For example, only two days after the ASA resolution was proposed, the American Association of University Professors (AAUP) called upon ASA members to vote down the motion. In an open letter, the president and vice president of AAUP argue: “In seeking to punish alleged violations of academic freedom elsewhere, such boycotts threaten the academic freedom of American scholars to engage the broadest variety of viewpoints.”
Of course, the “alleged violations” of Palestinians’ academic freedom include the fact that the occupation authorities place unfair bureaucratic obstacles on Palestinian universities, close institutions by military orders, ban textbooks, and prevent Palestinian students and their lecturers from travelling to and from class. During the 2006 aggression against Gaza, Israel deliberately bombed the Islamic University, as well as 18 schools. Despite this, when efforts are proposed to try to redress these injustices, the AAUP says no because it will infringe upon the rights of American scholars.
Although the AAUP letter also reaffirms the association’s “stand in opposition to academic boycotts as a matter of principle”, it gave active support to the boycott against South Africa’s apartheid regime. As David Lloyd, a professor of literature at the University of California, points out, “That movement did call for individual boycotts of South African scholars, cultural workers, and sports persons,” whereas “PACBI’s call is specifically and exclusively institutional.” So it seems pretty clear that the AAUP’s position is not related to the rights of scholars, but only to the rights of American scholars; it is not a principled stand against boycotts per se, but a stand against the boycott of Israel in particular.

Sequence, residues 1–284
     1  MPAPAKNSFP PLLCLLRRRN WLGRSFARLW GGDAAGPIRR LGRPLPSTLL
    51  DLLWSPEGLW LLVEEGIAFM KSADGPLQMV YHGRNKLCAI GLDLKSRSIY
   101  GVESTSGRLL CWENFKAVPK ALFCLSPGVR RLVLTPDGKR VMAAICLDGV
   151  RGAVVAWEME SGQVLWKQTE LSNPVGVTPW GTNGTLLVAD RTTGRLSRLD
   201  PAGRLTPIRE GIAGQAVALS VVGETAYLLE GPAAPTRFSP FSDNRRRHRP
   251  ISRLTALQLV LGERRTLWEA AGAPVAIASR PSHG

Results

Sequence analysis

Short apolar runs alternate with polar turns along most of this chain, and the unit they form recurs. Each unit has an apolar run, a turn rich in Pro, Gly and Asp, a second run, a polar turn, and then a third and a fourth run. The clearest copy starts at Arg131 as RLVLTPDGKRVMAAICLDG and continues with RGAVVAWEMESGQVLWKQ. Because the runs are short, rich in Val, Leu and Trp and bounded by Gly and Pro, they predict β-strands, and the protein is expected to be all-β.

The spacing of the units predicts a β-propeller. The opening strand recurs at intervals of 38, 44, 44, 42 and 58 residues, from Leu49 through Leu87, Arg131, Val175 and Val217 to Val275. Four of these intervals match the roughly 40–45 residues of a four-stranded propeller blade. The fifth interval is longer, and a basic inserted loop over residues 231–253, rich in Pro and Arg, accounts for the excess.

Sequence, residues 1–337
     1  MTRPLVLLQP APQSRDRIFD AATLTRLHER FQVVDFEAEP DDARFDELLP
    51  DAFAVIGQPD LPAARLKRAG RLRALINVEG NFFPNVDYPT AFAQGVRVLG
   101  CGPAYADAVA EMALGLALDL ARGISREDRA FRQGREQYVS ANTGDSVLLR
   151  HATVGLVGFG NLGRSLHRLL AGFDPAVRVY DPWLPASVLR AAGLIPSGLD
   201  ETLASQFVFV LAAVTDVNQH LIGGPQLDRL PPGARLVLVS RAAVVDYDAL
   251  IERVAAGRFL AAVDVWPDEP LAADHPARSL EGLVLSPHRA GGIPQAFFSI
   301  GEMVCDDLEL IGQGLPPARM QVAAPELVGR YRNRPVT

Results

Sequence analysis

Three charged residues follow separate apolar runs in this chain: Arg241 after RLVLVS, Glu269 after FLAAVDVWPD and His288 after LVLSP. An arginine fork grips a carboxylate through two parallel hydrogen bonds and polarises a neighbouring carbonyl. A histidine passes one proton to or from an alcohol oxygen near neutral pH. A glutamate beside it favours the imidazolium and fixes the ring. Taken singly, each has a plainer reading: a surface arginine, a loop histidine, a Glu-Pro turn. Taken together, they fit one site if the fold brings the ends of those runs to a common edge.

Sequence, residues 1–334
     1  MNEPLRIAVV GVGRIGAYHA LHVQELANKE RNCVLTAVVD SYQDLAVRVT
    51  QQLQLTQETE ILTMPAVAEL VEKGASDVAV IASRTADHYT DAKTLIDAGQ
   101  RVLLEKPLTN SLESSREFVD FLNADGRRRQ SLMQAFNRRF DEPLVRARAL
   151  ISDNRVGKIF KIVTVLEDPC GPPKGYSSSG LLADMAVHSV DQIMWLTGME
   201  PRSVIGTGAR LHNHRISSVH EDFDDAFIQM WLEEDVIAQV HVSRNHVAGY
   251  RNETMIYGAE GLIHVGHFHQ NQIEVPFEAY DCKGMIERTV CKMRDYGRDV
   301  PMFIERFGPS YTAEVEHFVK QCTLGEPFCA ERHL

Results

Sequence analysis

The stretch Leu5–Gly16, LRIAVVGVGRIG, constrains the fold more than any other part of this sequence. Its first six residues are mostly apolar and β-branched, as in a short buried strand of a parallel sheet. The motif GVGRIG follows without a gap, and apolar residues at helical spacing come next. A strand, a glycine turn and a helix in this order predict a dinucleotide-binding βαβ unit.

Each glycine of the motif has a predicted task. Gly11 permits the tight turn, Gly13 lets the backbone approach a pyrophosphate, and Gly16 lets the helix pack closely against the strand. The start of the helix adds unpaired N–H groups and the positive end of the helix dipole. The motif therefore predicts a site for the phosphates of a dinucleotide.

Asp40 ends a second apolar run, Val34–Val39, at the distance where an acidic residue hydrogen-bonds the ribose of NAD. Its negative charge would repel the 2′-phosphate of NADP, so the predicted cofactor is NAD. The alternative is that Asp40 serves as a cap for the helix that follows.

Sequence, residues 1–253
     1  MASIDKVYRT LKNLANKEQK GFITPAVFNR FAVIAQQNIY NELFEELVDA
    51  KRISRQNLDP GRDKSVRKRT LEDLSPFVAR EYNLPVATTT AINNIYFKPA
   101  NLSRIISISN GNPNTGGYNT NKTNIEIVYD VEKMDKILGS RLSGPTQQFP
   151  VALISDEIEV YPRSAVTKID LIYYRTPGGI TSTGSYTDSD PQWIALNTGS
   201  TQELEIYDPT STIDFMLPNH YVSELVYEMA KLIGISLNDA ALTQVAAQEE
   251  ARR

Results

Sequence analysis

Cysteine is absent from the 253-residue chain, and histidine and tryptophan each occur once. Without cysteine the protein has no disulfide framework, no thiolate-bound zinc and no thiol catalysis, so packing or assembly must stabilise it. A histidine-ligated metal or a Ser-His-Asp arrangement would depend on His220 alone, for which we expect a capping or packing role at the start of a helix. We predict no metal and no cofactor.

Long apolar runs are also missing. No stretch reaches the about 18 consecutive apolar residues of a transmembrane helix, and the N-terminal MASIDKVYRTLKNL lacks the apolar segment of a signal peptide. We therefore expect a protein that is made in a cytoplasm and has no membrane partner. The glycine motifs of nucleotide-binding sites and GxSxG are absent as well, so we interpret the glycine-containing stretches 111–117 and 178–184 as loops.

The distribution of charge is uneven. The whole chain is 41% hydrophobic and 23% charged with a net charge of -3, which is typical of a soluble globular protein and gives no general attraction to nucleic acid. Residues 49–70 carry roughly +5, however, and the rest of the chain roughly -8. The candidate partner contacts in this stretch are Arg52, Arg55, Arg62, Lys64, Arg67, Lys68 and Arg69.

To take another example, in an open letter to the president of ASA, Claire B. Potter, a professor of history at The New School, suggests: “Scholars of any nation ought to be free to travel, publish and collaborate across borders; I consider this to be a fundamental human right, and so does the United Nations. We in the American Studies Association cannot defend some of those human rights and disregard others.”
The irony of such a statement is acute. By only granting the right of education to “scholars of any nation” Potter is denying this right to Palestinians, as well as to all stateless persons, whereas the UN insists that “all peoples and all nations” have this right. Thus, her position is actually doing precisely what she warns against – defending the rights of some and disregarding others. Considering America’s history of trampling the rights of Native Americans and African Americans, Potter’s turn of phrase is especially ill-thought.
And although Potter does recognise that there are people who are “suffering under, and threatened by, the exclusions, violence and expulsions that are characteristic of Israel’s occupation of Palestinian lands”, she argues that the proposed boycott would impact on “anti-occupation academics, including Palestinian scholars employed by Israeli institutions.”